Jeff Kallman's excellent The Easy Ace: A Journal of Classic Radio
is a wonderful place to spend hours on end, rediscovering the Golden Age of Radio
as it's meant to be discovered and celebrated. Article after article
is filled with a wonderful new vignette about Golden Age Radio History.
---The Digital Deli Online.

[I]n his matchless on-this-day approach to chronicling “yesteryear,”
he easily aces out a less organized mind like mine,
which promptly lapsed into a more idiosyncratic mode of relating the past.

Tuesday, May 27, 2008

From Town Hall Tonight to the Caine and Beyond: The Way It Was, 27 May

1915---What a battle-fatigued, near-paranoiac minesweeper commander has in common with a battle-tested old-time radio satirist is born in New York City today.

For five years following his graduation from Columbia University, until his entry into World War II, Herman Wouk will join Arnold Auerbach as the prime assistants in helping Fred Allen compose the scripts of his weekly satirical splendor. He will also make a friend for life in Allen, even after he became one of America's most respected men of letters, Pulitzer Prize-winning and otherwise.

dear herman---

sorry it has taken me so long to write and tell you how much portland and i enjoyed the caine mutiny.

since i gave up my program it seems my days have no pattern. my brother has been back in the hospital and between trips to boston and a few guest dates here i never seem to get anything done.

i think your book is excellent. the chapters describing the storm at sea and the court martial are really wonderful. the queeg character is a perfect portrait of a weakling rampant and the love story is sustained well.

it just occurred to me that since you are no longer in my employ i have a nerve turning critic at this late date . . .

---Fred Allen, letter to Herman Wouk, dated 3 May 1951, as republished in Joe McCarthy (ed.), fred allen's letters. (New York: Doubleday and Company, 1965.)


1957: LET'S ROCK, CANADA---Toronto's CHUM (the neon sign atop the station's headquarters becomes nearly if not equally as famous) becomes Canada's first top forty radio station, a life that will see its surveys become Canada's most influential, not to mention becoming Canada's first station to play both Elvis Presley and the Beatles and the station future rock and roll icon Neil Young would credit with teaching him what really went in in contemporary music when he listened as a boy before migrating to the U.S.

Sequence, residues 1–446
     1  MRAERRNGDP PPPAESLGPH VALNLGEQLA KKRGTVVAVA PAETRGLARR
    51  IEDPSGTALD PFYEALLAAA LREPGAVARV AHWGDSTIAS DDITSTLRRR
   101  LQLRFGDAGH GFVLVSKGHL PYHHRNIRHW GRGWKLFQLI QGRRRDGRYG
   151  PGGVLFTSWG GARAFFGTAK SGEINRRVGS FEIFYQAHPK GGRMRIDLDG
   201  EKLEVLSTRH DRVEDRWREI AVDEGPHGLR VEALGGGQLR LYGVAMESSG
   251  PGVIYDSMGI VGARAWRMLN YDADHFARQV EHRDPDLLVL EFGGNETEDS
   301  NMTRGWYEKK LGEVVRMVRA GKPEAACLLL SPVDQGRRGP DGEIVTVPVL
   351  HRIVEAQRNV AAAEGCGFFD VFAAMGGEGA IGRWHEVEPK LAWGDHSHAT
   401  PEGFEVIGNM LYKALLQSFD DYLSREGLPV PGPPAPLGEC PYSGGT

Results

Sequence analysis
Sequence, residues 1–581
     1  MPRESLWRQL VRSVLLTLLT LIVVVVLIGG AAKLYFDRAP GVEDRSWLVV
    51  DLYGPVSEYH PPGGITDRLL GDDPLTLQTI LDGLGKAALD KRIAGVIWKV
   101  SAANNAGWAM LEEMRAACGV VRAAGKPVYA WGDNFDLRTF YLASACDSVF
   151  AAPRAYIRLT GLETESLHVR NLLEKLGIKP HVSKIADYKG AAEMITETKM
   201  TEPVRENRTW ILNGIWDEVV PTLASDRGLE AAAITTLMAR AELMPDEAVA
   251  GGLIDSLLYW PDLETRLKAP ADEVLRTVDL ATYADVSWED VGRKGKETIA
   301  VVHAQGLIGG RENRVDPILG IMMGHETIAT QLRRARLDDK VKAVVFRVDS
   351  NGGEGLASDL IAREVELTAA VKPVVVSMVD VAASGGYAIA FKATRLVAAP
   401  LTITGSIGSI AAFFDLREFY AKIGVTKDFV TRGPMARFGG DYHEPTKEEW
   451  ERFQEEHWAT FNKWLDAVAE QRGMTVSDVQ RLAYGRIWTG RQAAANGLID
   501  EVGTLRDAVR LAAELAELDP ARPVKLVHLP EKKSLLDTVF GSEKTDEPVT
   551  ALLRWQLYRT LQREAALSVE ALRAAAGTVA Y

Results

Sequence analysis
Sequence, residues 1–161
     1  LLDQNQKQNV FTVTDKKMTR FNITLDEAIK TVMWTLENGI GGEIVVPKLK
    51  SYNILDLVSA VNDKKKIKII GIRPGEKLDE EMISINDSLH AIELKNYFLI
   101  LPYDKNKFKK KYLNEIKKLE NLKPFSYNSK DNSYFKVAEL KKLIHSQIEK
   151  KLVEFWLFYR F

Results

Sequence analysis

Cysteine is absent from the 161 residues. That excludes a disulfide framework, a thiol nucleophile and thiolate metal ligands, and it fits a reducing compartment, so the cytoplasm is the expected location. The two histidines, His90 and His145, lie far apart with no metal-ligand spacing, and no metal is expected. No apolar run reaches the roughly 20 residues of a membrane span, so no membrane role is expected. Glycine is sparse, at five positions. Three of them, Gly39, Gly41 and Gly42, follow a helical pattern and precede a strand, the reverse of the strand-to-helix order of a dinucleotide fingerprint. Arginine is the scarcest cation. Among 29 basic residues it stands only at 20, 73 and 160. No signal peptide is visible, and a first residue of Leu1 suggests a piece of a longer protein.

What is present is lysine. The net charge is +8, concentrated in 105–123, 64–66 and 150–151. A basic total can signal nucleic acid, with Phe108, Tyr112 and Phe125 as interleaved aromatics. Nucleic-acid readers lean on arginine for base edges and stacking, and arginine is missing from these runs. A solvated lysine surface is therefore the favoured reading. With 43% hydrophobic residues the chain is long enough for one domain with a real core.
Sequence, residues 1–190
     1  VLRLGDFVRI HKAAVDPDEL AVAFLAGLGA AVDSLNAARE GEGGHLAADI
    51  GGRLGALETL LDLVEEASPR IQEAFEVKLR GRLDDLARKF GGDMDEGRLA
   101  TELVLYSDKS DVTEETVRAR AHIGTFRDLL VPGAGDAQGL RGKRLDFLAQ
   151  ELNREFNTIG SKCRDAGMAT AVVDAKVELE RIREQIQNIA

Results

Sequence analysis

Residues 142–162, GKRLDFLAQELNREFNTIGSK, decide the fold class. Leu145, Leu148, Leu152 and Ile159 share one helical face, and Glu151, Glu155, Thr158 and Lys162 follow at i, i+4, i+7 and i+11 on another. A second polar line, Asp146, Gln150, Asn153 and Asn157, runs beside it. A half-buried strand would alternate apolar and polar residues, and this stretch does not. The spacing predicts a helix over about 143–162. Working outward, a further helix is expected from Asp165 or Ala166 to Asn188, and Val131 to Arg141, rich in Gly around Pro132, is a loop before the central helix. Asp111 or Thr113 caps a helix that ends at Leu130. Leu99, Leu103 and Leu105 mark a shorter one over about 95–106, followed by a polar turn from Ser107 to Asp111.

1935: LUM HAS DISAPPEARED---That's all Abner (Norris Goff), Dick Huddleston (Goff) and Grandpap (Chester Lauck, who also plays Lum) need after the statue unveiling fiasco, with Dick assuring Abner the mill pond's the last place Lum might have disappeared---while frowning on Lum's wanting to erect a statue to himself in the first place---on today's edition of Lum & Abner. (NBC.)

Writers: Chester Lauck, Norris Goff.

1947: THE FRENCH INTERIOR DECORATOR---Mel (Blanc, who also plays Zookie) balks when Betty (Mary Jane Croft) asks him to ask her father (Earle Ross) to approve their marriage, but when he offers to repaint the old man's supermarket on the house it may prove to be a coat of another colour, on tonight's edition of The Mel Blanc Show. (NBC.)

Additional cast: Hans Conreid, Joseph Kearns. Music: Victor Mills and His Orchestra. Writer: Mack Benoff.


1904---Marlin Hurt (actor: Fibber McGee & Molly, Beulah), Du Quoin, Illinois.
1911---Vincent Price (actor: The Saint; Lux Radio Theater; The Price of Fear), St. Louis.
1919---Ray Montgomery (actor: Dear John), unknown.
1921---Redd Stewart (lyricist: Pee Wee King and His Golden West Cowboys), Ashland City, Tennessee.


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